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Creative with 62 billion nuts

December 4, 2015

 

The husk of a coconut is being burned as waste in Asia. Dutch entrepreneurs want to use the fibres as a raw material for pallets and boards. The coconut is part of a multibillion-dollar industry, but also an environmental disaster. We eat the pulp, drink the juice, and wash ourselves with the oils. The brown bark, about a third of the coconut, is being wasted: burned or thrown away. This causes thirty billion kilograms of unnecessary bio-waste a year. The Dutch entrepreneur Michiel Vos wants to use this coconut waste to make sustainable pallets for the Asian export market. According to him, the plan is not only a solution for the huge pile of tropical waste, but also for deforestation.

 

Vos calculates that Asia makes about 1.2 billion pallets a year. The softwood that is needed for this mostly comes from the West. The main suppliers are the coniferous and deciduous forests of Canada, New Zealand and the Baltic States. “Complete forests are shipped all over the world, made into pallets in Asia, shoved under boxes and sent away. A part of it stays in Asia, but a lot comes back to Europe and America,” says Vos. “Pallets travelling around the world is a waste of energy and money.”

 

The reason for importing wood is simple: softwood barely grows naturally in Asia. Countries like China, Thailand and Indonesia have also introduced a logging ban to combat dramatic deforestation. But there is an abundance of coconut plantations, with enormous piles of ‘waste wood’.

 

Press waste

Vos makes another calculation: yearly, 62 billion coconuts are harvested around the world, of which 90 percent come from Asia. The coconut production was in the hands of small farmers for a long time. But since the health hype around coconuts, more and more large companies have come onto the market, such as Vita Coco, Nestlé and Coca-Cola. They invest in large scale coconut plantations. Most of the products in the coconut industry are made out of the white pulp called copra. The brown fibre husk is sometimes used to spin rope or make brushes or coco mats. Vos: “But that is just a small market. 85 percent of the bark is not being used.”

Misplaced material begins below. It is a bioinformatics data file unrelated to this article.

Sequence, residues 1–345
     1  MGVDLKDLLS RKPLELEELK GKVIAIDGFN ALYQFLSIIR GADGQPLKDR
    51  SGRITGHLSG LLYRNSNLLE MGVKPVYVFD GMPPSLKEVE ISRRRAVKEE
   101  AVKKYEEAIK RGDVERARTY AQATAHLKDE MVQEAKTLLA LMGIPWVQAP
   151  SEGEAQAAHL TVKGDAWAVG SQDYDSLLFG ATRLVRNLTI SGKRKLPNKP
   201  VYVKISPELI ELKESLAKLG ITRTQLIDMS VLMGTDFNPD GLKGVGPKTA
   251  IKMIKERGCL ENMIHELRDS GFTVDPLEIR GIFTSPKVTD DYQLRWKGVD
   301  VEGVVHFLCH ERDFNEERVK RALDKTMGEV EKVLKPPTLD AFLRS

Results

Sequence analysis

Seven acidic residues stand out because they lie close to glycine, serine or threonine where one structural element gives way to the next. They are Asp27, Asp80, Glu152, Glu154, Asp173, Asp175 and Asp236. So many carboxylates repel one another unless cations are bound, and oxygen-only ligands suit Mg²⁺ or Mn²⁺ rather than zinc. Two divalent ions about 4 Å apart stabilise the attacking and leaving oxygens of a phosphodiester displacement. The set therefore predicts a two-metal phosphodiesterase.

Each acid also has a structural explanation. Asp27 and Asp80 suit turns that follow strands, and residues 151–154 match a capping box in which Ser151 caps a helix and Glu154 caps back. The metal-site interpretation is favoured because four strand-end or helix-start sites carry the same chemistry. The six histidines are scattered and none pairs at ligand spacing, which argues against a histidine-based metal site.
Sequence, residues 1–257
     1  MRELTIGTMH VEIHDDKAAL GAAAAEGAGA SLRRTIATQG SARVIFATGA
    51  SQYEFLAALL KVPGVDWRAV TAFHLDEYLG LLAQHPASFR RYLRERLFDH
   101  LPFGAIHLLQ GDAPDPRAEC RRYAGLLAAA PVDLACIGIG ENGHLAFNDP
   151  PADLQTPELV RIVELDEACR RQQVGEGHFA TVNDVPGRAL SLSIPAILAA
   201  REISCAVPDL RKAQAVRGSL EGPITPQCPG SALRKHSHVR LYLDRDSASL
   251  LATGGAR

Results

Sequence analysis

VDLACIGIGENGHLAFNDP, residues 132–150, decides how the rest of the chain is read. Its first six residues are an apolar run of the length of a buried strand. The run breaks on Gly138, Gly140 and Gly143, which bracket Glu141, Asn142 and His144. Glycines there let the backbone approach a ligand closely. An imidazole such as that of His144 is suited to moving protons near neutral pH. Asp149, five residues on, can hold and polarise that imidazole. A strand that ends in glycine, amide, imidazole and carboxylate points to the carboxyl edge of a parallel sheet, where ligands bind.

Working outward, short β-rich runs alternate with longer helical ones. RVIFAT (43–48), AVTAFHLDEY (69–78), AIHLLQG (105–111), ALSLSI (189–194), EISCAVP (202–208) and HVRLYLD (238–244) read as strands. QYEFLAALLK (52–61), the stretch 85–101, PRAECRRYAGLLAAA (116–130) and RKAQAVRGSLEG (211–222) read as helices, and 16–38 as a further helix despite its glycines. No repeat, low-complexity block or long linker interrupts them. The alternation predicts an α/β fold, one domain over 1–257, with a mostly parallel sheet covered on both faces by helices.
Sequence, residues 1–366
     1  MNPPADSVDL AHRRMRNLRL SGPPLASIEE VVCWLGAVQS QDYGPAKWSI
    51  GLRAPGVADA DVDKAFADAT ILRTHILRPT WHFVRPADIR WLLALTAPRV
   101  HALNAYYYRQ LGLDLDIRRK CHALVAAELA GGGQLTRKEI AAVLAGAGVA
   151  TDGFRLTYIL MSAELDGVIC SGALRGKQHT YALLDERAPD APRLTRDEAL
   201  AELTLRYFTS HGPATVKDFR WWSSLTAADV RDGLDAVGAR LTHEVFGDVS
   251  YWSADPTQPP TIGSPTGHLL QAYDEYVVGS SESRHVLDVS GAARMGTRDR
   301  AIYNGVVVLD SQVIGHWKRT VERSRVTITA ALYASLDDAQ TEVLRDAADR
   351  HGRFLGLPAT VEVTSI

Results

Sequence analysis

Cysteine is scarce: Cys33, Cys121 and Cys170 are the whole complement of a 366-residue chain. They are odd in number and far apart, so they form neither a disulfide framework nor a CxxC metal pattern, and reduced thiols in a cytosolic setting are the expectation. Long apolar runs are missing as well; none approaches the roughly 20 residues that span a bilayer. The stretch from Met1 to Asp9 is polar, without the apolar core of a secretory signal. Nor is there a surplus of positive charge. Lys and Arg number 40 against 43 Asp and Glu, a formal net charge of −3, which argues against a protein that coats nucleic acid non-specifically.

The method to press coconut waste into coco board material was invented in 2005 by researchers of Wageningen University. It is a sustainable and Co2 neutral process, which only uses pressure and heat. Farmers collect the coconut husks at plantations. The hard brown shell and fibrous husk are grind by hand and heated in a press under high pressure. Under pressure and high temperature, the coconut waste changes into board material.

 

No synthetic glue

An additional advantage of this process is that the coconut husk is filled with the substance lignin, which becomes sticky when heated, and functions as a natural binder. This prevents the use of synthetic glue or any other chemical binder anywhere in the process.

 

The result, a coconut pallet, looks like a finger thick dark brown board with grooves. When stacked, the pallets click together like Lego bricks, so that Vos’ CocoPallets take up little space.

 

Vos is not the only one producing ‘coconut boards’. Entrepreneur Sylvia ten Houten makes wood-like boards from coconut waste from Indonesia. The sturdy coconut boards can be used in the building and furniture industry. “I lived in Indonesia as a child and wanted to bind myself to the country again by starting a business there. In Indonesia, you quickly end up at the coconut. Coconut water was on the rise and I thought I could make a profit there, too.”

 

Then, Ten Houten discovered the Wageningen University method to make coconut boards. “I saw all these farmers burning piles of coconut waste. An environmental issue, but also a part of profit that literally went up in flames, while coconut farmers are amongst the poorest in the world.” With her start-up Goodhout, Sylvia buys coconut waste from the farmers and has it pressed into planks for the European market. “That is where my customers are. Europeans are prepared to pay a little more for beautiful, sustainable products. There has to be a profit of course.”

 

Designer bag

The potential of the coconut waste does not stop with pallets and boards. In a short time, dozens of new products made out of recycled coconut bark emerged on the market. Such as coconut matrasses and coconut potting soil, and designer bags and coconut sound barriers. The coconut industry is moving in Asia as well. In the Philippines and Fiji, busses and cars have been using a mixture of petrol and coconut diesel as fuel. 

 

“The coconut palm is called the Tree of Life in Asia because of its numerous applications. I believe that a castaway can survive on an island with just coconuts,” says Vos.

 

He is not planning to switch to a coconut diet, but says he has a dozen other plans for the nut apart from CocoPallet. “What I like about the coconut industry is the simplicity. No E-numbers or unpronounceable chemicals, all products consist of one thing: coconut. What we make with it depends on our creativity.”

 

Farmers’ coconut waste changes into board material under pressure and high temperature.

 

GRAPHIC: Coconut plantations with piles of ‘wood waste’. There are plenty possibilities.

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